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Without further adieu....please join me in welcoming, author Ryan Jacobson!
Guest Post: Author Ryan Jacobson
I love guest posts, especially when bloggers suggest topics. Gina asked some great questions, which caused me to evaluate my path to authordom. I’ve decided that I can only be described as an “accidental author.” I mean, an author is someone who grows up devouring books, making up stories and dreaming of the day he finally gets published. Right? Um, not so much.
I grew up a reluctant reader—I started writing not because I loved stories but because I loved football. When I learned that our middle school sports reporter got to stand on the sideline during games, I volunteered. As it turned out, I rather liked writing and was pretty good at it.
Nevertheless, it took the rest of high school and three years of college for me to choose English as my major. I planned on writing radio commercials or greeting cards or mattress warning labels. Not once, though, did I think, “I should write a book.” And certainly not children’s books, as I’d never really read them.
Fast forward a few years, and I was writing radio commercials and greeting cards and mattress warning labels for Corporate America. Children’s books were the farthest things from my mind. But, as luck would have it, my wife’s brother became an editor for Capstone Press, assigned to work on history-themed graphic novels. He knew I was a comic book nerd and asked if I’d like to write one.
A comic book nerd asked to write a comic book? Are you kidding? I jumped at the chance. And, okay, I’ll admit it: The result was a boost to my ego that became addicting. (I remember my younger brother, whose said three nice things to me ever, saying it was “pretty cool” to look me up on Amazon.)
I did two more books for Capstone and realized (a.) comic books are more fun to read than they are to write, and (b.) I don’t love nonfiction. So I called it quits.
But then something funny happened. My kindergarten-teaching wife brought home the Magic Tree House book, Dinosaurs Before Dark. I don’t know why, but I read it—my first ever early reader chapter book. I simultaneously fell in love with the format and said, “I could totally write that!” And I did. I wrote a story called Santa Claus: Super Spy: The Case of the Florida Freeze. I loved it, stuffed it into a file cabinet and forgot about it.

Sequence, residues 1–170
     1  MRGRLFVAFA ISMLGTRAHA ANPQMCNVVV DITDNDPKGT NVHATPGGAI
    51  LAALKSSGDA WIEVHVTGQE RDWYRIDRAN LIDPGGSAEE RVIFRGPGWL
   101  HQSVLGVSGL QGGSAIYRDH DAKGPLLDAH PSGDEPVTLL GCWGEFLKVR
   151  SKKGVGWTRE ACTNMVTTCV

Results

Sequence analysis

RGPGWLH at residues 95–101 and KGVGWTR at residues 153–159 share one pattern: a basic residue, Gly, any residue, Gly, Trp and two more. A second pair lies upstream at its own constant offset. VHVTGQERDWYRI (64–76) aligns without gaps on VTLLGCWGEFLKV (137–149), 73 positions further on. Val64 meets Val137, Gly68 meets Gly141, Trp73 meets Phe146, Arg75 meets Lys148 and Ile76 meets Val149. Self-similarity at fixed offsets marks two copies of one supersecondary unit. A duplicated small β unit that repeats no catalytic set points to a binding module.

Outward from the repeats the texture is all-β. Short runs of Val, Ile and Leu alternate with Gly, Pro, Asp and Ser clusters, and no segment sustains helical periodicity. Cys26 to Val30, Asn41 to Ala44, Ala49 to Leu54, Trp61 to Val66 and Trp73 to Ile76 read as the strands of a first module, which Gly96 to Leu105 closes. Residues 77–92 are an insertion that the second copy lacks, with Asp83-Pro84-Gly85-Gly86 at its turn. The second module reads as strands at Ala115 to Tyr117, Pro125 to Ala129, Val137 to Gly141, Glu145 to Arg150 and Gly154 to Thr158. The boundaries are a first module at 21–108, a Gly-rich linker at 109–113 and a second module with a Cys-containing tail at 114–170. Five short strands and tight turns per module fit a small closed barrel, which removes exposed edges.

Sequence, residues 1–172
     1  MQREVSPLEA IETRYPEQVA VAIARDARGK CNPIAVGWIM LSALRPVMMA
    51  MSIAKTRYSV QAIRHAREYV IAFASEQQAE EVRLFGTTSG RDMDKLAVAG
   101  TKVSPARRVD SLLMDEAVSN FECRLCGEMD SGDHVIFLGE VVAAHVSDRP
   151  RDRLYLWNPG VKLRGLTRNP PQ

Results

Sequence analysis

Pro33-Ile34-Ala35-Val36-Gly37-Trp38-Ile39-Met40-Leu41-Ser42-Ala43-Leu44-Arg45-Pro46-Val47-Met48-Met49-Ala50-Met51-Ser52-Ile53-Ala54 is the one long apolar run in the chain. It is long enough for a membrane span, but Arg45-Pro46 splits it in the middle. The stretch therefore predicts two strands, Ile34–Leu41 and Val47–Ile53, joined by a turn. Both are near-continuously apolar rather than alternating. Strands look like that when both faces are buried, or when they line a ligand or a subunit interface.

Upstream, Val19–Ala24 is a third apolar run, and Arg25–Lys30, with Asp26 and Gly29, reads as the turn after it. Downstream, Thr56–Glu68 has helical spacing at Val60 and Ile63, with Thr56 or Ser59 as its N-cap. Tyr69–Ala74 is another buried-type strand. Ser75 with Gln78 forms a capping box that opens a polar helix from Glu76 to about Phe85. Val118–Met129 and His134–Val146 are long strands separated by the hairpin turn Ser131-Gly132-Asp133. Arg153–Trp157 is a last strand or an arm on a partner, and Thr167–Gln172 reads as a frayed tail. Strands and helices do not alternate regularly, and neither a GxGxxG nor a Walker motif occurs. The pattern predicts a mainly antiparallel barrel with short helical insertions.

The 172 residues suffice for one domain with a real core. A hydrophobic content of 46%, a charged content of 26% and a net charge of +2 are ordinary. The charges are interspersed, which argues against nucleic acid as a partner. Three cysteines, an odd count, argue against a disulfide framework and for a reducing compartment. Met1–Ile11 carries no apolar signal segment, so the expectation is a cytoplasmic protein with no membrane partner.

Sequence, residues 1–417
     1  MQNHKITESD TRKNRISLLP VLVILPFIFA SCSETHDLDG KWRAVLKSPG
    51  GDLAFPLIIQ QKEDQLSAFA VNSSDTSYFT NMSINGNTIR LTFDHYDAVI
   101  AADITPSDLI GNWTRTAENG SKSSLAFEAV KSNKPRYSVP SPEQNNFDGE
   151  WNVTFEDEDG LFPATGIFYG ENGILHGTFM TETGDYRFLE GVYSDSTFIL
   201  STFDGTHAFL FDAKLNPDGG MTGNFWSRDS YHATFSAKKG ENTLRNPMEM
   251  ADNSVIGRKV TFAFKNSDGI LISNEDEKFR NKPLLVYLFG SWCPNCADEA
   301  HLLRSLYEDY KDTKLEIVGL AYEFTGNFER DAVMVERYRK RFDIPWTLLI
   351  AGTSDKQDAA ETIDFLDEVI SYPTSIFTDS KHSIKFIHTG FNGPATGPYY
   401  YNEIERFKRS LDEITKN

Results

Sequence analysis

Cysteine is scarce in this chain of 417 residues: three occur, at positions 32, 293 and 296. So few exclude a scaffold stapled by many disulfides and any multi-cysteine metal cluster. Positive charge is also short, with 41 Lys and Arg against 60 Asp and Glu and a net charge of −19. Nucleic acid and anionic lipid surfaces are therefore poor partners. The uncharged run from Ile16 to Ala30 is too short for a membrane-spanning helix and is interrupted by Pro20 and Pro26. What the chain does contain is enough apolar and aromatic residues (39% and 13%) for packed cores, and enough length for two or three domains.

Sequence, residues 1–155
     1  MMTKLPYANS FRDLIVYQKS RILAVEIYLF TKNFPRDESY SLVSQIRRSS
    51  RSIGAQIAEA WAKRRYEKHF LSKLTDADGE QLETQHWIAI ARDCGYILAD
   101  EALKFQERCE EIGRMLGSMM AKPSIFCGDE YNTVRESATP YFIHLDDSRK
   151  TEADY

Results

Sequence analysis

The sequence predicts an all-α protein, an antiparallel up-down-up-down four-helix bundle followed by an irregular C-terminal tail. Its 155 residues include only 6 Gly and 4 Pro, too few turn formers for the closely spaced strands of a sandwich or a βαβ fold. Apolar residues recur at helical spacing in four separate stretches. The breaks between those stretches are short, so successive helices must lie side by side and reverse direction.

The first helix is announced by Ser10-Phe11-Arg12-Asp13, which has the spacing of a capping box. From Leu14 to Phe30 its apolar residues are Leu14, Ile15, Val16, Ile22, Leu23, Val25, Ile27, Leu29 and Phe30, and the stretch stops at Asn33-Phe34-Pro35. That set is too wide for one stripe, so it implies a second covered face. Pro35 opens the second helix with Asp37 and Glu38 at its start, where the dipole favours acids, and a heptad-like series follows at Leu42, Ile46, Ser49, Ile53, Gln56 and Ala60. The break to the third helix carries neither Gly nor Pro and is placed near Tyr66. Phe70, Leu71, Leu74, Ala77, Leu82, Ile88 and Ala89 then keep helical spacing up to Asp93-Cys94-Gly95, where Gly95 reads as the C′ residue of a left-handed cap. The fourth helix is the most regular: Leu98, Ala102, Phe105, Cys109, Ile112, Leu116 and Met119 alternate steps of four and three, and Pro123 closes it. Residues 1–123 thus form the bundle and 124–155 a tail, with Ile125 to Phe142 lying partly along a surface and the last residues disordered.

That’s when heartbreak happened: infertility. My wife and I went through a very dark time, but we eventually found hope in the form of adoption. The problem? How would we ever pay for it?
We did everything we could, including several fundraisers, but the money didn’t come fast enough to keep our new dream alive. We decided to try something a little crazy. We dug out my Santa Claus: Super Spy manuscript and self-published it.
It worked! Twenty books (some self-published, some not) and two adoptions later, I’d say our gamble paid off.
Wow...what a story.
From fan to creator, heartbreak to a life of fulfillment....sounds like it was quite the journey but one well worth taking. Thank you for sharing your experience and I have to agree with your assessment of the middle grade format....you CAN totally do it. ^_^ Now my fellow readers, it's time for you to discover that very same truth. Drum roll please..... *ratta tat tat tat ratta tat tat tat ratta*
Thanks to the generosity of the author, YOU have the chance to win a copy of this fun-tastic book all your own. Here's the scoop!